In addition, we invited law undergraduate students to put forward proposals for online presentations based on their experiences of studying the introductory module. Presentations were given on a wide range of subjects with emphasis on studying with a disability, wellbeing, tackling isolation and study skills. Feedback indicates that these were well received by the students who attended.
Again, we obtained funding from SCiLAB for a research assistant to conduct individual interviews with both mentors and mentees and a focus group with the mentors. We are currently evaluating the data collected for the second pilot and plan to share our findings in due course. However, initial findings indicate very similar outcomes to the first pilot, with concerns remaining about mentee engagement and the OU platform used to facilitate the forum. The platform choice could be viewed as a failure of our approach and in the future it may be necessary to consider an alternative platform, for example WhatsApp. However, one of the project’s successes was its ability to introduce students and build their confidence to interact with each other. This gave some students the confidence to continue to engage in mentoring within the OU platform and gave others the confidence to migrate from the OU platform and join WhatsApp groups.
A new problem came to light with mentors working in groups of four (this was initially designed to reduce the burden for one mentor), where not all members of the group contributed equally. We recognise that this is an issue we will need to mitigate in any future mentoring scheme within the School.
For the second pilot we successfully secured external funding from the Association of Law Teachers to hold a face-to-face debrief with the mentors and project team which included lunch. Due to Covid-19 this had to be transferred to an online meeting with vouchers provided for the mentors to purchase their own lunches. From the discussion it was clear the mentors had enjoyed the project and they felt it should be taken forward to the new law degree being introduced in October 2021. It was also clear that mentors felt this had offered them a concrete opportunity to demonstrate employability skills (Andrews and Clark, 2011).
In conclusion we feel that a mentoring programme for the Law School, particularly for new students, is a good idea. It provides students with a safe place to ask “silly” questions. It also allows students to interact with other students at the same place in their studies and helps to develop a sense of belonging in the online university. The platform used needs careful consideration and this is something we need to explore further along with how a mentoring project can be supported long term by the Law School.
To find out more about our online mentoring project please click here.
This blog represents the views of the individual, not SCiLAB or The Open University.
Carol Edwards is a Lecturer and Student Experience Manager within the Open University Law School. She joined the OU as an associate lecturer in 2015 and became a Student Experience Manager in 2018.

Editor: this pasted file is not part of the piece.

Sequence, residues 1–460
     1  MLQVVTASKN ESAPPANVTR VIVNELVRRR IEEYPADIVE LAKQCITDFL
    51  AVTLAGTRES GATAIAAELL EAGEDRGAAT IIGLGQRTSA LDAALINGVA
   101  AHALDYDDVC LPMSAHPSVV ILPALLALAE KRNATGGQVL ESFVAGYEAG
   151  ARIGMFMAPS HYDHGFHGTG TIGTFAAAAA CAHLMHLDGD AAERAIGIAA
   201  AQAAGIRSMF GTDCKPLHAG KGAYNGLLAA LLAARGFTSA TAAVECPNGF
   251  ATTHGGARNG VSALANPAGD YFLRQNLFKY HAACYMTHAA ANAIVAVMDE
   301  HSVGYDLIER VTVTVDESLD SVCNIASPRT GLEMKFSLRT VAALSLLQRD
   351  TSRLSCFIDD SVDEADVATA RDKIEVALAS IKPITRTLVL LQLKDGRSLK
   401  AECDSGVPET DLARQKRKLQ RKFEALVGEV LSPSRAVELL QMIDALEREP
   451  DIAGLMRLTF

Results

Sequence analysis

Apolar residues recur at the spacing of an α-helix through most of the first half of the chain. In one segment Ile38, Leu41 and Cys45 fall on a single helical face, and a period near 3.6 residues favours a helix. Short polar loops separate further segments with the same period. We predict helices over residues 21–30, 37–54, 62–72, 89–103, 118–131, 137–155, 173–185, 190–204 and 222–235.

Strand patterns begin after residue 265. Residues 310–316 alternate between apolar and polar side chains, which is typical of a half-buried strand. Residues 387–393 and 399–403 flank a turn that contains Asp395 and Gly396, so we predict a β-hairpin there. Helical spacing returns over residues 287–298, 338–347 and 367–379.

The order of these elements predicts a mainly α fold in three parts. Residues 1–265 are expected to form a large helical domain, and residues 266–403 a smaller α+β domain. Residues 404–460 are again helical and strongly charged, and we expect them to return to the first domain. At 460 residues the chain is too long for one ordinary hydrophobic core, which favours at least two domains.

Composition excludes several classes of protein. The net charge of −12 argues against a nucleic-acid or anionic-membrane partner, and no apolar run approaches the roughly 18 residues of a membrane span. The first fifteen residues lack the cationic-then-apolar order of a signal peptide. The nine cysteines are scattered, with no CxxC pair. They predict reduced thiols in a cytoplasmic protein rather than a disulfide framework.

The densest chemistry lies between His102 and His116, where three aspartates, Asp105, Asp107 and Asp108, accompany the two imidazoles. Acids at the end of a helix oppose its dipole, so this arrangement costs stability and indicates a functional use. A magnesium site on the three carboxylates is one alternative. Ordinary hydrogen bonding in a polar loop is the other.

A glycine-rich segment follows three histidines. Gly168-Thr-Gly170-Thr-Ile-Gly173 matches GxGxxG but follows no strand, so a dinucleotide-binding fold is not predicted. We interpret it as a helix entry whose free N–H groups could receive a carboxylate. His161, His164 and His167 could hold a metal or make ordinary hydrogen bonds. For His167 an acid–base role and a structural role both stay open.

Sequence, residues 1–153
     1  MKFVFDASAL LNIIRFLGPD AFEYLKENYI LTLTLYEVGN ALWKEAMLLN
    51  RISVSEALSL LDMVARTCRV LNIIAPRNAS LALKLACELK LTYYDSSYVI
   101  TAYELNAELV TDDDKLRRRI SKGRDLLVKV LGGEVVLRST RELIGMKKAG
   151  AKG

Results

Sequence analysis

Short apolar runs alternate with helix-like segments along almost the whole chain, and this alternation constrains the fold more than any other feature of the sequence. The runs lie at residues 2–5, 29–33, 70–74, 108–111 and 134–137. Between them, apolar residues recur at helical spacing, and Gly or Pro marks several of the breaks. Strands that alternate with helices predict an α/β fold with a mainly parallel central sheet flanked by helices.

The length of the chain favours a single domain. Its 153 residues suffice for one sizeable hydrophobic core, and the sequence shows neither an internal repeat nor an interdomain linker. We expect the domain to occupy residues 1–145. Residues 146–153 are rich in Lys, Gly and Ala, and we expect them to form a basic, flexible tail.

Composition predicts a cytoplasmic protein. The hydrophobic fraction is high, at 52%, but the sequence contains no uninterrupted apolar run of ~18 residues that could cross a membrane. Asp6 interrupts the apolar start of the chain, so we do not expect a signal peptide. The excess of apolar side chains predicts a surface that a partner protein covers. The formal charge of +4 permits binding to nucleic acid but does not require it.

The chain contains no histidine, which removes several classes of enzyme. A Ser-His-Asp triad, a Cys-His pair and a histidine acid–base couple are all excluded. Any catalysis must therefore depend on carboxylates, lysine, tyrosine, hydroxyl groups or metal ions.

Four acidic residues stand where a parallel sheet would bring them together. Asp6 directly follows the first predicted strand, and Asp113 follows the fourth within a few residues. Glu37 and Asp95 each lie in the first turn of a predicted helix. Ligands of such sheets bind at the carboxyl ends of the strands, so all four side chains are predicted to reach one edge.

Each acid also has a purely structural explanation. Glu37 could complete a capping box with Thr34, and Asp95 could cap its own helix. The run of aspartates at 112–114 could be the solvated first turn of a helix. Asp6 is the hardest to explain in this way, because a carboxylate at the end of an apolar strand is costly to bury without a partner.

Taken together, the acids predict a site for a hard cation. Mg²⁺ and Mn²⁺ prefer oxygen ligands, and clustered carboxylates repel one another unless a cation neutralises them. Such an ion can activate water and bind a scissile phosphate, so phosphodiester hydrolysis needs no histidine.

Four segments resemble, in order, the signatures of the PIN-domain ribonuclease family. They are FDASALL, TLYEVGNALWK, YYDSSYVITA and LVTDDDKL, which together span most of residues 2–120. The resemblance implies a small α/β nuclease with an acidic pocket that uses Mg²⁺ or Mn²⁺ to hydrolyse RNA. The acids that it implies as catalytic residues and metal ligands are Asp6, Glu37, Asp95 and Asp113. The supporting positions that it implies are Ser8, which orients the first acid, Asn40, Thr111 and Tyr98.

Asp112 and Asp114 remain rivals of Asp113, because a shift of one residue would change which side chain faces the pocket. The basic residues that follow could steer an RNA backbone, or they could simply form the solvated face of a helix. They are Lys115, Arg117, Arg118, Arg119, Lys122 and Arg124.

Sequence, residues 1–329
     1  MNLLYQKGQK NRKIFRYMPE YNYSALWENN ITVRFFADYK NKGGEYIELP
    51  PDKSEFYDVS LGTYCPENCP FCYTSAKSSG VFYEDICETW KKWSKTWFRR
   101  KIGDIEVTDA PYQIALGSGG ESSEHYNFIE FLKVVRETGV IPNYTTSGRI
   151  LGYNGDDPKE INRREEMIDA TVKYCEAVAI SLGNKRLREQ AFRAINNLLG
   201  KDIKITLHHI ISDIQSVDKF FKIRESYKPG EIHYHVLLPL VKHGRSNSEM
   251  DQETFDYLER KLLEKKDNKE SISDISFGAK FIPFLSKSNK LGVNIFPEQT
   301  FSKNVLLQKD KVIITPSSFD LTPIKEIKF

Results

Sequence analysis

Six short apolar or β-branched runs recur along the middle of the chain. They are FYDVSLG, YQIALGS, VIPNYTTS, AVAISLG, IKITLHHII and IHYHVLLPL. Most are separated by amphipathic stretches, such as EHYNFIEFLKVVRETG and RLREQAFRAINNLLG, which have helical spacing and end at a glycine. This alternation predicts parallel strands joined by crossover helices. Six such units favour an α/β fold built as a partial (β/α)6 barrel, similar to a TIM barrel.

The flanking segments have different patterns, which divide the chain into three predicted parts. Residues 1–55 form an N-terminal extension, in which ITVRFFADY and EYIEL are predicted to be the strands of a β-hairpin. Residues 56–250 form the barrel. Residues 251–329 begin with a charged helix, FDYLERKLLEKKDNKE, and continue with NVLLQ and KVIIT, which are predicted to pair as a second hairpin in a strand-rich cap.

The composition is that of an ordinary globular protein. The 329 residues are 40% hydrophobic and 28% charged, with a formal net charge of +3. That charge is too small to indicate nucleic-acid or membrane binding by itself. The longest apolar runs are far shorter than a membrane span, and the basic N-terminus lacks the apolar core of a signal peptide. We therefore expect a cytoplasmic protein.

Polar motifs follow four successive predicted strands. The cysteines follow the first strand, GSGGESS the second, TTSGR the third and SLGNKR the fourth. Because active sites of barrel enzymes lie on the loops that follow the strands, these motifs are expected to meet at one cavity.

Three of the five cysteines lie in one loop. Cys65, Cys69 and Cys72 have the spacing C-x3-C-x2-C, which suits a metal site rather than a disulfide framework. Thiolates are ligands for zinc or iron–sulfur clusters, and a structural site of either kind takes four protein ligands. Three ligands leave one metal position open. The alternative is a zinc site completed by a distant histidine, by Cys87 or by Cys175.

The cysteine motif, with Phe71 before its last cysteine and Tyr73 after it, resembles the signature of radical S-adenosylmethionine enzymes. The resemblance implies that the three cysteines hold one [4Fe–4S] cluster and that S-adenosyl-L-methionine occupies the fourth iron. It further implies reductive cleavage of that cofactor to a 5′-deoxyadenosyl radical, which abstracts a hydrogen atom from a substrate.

She is a Fellow of the HEA and a member of the Law School’s Peer Mentoring Project. Carol’s research interests include tackling student isolation via such programmes as online mentoring. She is also actively involved in scholarship relating to online teaching pedagogy and assessment feedback.
Before joining the OU Carol worked in further education and is still actively involved in the quality management of Open Access courses.
Liz Hardie is a lecturer and Teaching Director of the Open University Law School, having previously worked as a Student Experience Manager for the Law School since 2010. She has worked for the Open Justice Centre since 2016, supporting law students to carry out pro bono projects both as part of their law degree and on an extra curricular basis. She is particularly interested in online learning and the use of technology in legal education.
Liz has tutored for the OU since 2006. Before working for the OU Liz originally qualified as a solicitor and specialised in family and employment claims.
Lorraine Gregory is an Educational Advisor and has been working with the Law Student Support team since 2014. She specialises in supporting students with disabilities (especially those on the autistic spectrum) and is a qualified mental health first-aider. She is particularly interested in helping students struggling with isolation issues when learning online.
Originally from an e-commerce and digital publishing background, Lorraine moved into counselling before joining the OU.
Louise Taylor is a Lecturer within the Open University Law School. She teaches and researches in the fields of criminal law and victims’ rights and has an interest in approaches designed to improve student wellbeing.
She is a Fellow of the HEA and a member of the Law School’s Peer Mentoring Project. She is also a member of the APP/APS Peer Mentoring Task and Finish Group and contributed to the development of the Open University Peer Mentoring Framework.
Before joining the Open University in 2019 Louise was a Senior Lecturer within Nottingham Law School.